Registering a charity in the UK can bring benefit from reduced business rates, tax reliefs, and certain types of grants and funding. However, charities are required to operate within specific regulations and restrictions, and setting up as a charity may not always be the best option for an organisation to take.
An organisation cannot describe itself as a charity unless it is registered with one of the UK’s three national charity regulators.
The three charity regulators in the UK are
- the Charity Commission for England and Wales
- the Charity Commission for Northern Ireland
- and the Office of the Scottish Charity Regulator (OSCR).
When registering as a charity in the UK, an organisation must provide the relevant regulator with evidence that it operates wholly for charitable purposes and public benefit.
The requirements that must be met before applying to register a UK charity, which include defining its charitable purpose, choosing a legal structure, writing a governing document and appointing trustees.
Defining the charity’s purpose
In order to be registered as a charity in the UK, an organisation must pass the ‘charity test’, which means demonstrating that it operates for charitable purposes and for the benefit of the public or a sufficient proportion of the public.
The charitable purposes that are recognised under charities legislation for example
The prevention or relief of poverty, advancement of education, advancement of religion, advancement of health or the saving of lives, advancement of environmental protection or improvement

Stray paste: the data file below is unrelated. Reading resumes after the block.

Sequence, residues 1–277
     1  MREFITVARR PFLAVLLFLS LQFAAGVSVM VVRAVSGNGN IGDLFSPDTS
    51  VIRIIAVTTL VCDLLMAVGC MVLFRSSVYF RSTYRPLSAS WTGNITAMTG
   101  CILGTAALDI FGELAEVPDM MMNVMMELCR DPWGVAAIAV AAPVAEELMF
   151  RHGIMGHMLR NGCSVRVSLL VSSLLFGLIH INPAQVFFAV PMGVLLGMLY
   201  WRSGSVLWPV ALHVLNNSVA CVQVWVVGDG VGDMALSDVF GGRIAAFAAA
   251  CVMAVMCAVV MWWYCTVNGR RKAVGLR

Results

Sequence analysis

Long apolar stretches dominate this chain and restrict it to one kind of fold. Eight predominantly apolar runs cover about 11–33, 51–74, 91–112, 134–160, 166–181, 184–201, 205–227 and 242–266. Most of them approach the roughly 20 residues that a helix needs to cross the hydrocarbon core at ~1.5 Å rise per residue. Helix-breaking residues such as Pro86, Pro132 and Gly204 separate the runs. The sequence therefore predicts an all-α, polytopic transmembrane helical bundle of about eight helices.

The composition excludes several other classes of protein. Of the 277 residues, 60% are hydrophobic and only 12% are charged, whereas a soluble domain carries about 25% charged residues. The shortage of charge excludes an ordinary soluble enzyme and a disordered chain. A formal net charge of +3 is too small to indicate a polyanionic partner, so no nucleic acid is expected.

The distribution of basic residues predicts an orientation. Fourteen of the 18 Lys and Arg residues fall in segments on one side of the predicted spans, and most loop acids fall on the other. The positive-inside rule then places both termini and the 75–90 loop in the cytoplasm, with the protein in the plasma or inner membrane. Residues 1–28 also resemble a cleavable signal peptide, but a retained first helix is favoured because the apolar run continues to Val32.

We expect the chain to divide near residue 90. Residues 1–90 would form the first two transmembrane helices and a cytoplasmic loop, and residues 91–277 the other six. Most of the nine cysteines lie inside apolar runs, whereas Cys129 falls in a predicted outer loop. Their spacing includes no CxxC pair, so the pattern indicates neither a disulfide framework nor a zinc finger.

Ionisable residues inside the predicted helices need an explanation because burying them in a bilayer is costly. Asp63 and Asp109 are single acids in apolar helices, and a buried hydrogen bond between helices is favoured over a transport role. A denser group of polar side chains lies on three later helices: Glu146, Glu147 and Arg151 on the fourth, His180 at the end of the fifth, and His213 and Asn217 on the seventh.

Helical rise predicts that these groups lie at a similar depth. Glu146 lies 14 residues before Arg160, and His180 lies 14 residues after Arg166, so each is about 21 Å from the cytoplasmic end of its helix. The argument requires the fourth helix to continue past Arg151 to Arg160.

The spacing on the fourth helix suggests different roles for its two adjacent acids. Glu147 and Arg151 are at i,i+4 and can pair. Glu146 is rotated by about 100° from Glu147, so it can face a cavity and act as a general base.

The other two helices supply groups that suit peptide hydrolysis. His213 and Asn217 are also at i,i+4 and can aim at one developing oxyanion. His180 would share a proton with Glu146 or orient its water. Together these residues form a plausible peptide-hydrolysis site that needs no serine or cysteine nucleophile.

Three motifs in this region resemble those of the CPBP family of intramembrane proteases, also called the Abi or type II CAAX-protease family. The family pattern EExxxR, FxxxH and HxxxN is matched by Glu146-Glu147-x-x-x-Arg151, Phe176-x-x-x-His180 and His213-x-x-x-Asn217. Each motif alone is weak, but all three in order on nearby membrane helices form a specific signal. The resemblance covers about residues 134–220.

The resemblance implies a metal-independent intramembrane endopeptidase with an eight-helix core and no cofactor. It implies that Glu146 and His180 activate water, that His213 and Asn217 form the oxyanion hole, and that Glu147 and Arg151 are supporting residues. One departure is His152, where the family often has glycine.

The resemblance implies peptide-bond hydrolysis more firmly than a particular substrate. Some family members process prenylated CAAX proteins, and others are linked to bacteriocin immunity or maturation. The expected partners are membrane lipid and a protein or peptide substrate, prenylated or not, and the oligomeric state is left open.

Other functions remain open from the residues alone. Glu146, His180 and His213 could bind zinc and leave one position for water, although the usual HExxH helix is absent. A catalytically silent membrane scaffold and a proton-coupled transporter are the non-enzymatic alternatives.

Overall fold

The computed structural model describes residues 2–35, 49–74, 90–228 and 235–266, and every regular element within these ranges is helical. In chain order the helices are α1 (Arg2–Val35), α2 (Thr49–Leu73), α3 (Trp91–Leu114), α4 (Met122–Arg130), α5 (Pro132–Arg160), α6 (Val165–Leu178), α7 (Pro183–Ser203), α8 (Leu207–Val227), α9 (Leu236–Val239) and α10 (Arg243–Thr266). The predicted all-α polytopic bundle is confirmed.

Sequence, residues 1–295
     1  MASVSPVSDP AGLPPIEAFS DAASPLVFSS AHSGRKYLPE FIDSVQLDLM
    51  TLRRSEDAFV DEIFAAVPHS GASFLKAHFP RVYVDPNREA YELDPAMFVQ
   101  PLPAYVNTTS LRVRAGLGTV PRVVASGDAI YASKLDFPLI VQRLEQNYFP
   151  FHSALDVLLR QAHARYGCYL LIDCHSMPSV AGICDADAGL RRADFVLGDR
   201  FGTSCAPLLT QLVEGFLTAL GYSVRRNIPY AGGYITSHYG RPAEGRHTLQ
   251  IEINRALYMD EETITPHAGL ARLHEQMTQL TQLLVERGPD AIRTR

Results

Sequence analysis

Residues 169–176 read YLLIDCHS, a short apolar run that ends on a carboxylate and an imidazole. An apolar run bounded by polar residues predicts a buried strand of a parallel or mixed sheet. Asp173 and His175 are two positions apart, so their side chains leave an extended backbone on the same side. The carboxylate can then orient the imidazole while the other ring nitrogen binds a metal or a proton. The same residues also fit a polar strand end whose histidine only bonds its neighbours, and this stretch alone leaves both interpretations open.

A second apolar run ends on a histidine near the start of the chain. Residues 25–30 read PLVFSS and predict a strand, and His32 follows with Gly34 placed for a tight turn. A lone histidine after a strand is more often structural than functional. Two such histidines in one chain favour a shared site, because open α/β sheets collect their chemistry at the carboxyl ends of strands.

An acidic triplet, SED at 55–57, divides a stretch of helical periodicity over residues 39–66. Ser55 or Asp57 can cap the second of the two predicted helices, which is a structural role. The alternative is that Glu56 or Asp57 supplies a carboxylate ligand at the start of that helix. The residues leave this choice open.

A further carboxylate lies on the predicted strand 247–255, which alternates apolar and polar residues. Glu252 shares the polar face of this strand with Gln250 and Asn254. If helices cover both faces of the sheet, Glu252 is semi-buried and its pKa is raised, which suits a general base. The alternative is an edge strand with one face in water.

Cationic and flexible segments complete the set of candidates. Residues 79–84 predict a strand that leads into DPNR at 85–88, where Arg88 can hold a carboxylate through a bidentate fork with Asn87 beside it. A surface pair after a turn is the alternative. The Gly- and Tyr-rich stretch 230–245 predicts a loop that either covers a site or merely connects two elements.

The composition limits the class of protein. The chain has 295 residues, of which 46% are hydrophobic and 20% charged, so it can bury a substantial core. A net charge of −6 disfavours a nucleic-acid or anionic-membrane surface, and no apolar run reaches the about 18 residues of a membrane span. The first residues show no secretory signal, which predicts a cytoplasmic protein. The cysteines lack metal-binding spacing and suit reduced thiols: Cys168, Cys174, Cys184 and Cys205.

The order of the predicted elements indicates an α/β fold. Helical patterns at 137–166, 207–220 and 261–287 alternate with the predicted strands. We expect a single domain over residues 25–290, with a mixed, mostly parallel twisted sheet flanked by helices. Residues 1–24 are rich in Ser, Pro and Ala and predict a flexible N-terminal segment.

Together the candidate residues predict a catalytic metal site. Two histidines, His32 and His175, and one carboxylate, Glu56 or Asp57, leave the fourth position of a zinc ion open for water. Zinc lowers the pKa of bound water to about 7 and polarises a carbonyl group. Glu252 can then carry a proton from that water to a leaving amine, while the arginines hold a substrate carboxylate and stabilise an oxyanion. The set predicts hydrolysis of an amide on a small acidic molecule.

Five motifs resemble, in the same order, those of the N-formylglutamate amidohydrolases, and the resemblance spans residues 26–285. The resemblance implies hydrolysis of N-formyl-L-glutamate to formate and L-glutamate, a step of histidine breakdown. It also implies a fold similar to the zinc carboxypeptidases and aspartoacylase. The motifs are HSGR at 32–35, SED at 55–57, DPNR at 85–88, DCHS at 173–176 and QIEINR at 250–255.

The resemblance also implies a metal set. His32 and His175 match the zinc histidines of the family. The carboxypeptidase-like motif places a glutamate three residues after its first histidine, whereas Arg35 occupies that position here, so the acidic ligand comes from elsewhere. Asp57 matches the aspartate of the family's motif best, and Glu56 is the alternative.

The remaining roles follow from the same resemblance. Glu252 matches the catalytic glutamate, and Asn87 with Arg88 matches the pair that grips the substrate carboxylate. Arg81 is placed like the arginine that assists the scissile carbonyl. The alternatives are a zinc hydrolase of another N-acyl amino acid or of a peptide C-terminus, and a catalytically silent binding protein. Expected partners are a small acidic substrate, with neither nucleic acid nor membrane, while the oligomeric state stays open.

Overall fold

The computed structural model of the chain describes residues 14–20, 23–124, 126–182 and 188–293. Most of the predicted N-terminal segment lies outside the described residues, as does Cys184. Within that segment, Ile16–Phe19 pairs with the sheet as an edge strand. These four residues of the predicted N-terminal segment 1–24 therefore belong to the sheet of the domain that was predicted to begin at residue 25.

An organisation’s charitable purpose must be stated in its governing document. The regulator will use this purpose statement to determine whether or not the organisation can be registering as a charity in the UK. The statement must make clear the organisation’s aims, how they will be achieved and who will benefit.
Choosing a legal structure for the charity
The legal structure of a charity determines how it operates, including who will run it, who it can enter into contracts with, and how much liability trustees have. A charity’s structure is defined in its governing document.
It is important to choose the right structure for a charity to determine, for example, whether it will have a corporate structure or a wider membership.
A charity with a corporate structure has the legal capacity to enter into commercial contracts in its own name, own land and property, and employ paid staff.
A charity with an ‘unincorporated’ structure can’t enter into contracts in its own name, and its trustees are personally liable for what it does. With a wider membership members can vote on important decisions. Without a wider membership the trustees are responsible for making decisions.
There are four main types of charity structure:
- Charitable company (limited by guarantee). A corporate body with or without a wider membership. This is similar to a limited company, except it cannot be limited by shares, cannot distribute profits to members, and can only operate for its charitable purposes.
- Unincorporated association. Without a corporate structure, but with a wider membership. This structure is generally only suitable for organisations with relatively small assets.
- Charitable incorporated organisation (CIO). An association CIO is typically a corporate body with a wider membership. A foundation CIO is a corporate body without a wider membership, where the only members are trustees.
- Trust. Without a corporate structure or a wider membership. Suitable for organisations that don’t need to enter into contracts or employ staff. Organisations with this type of structure must submit a trust deed specifying money, land or other assets that the charity will start with.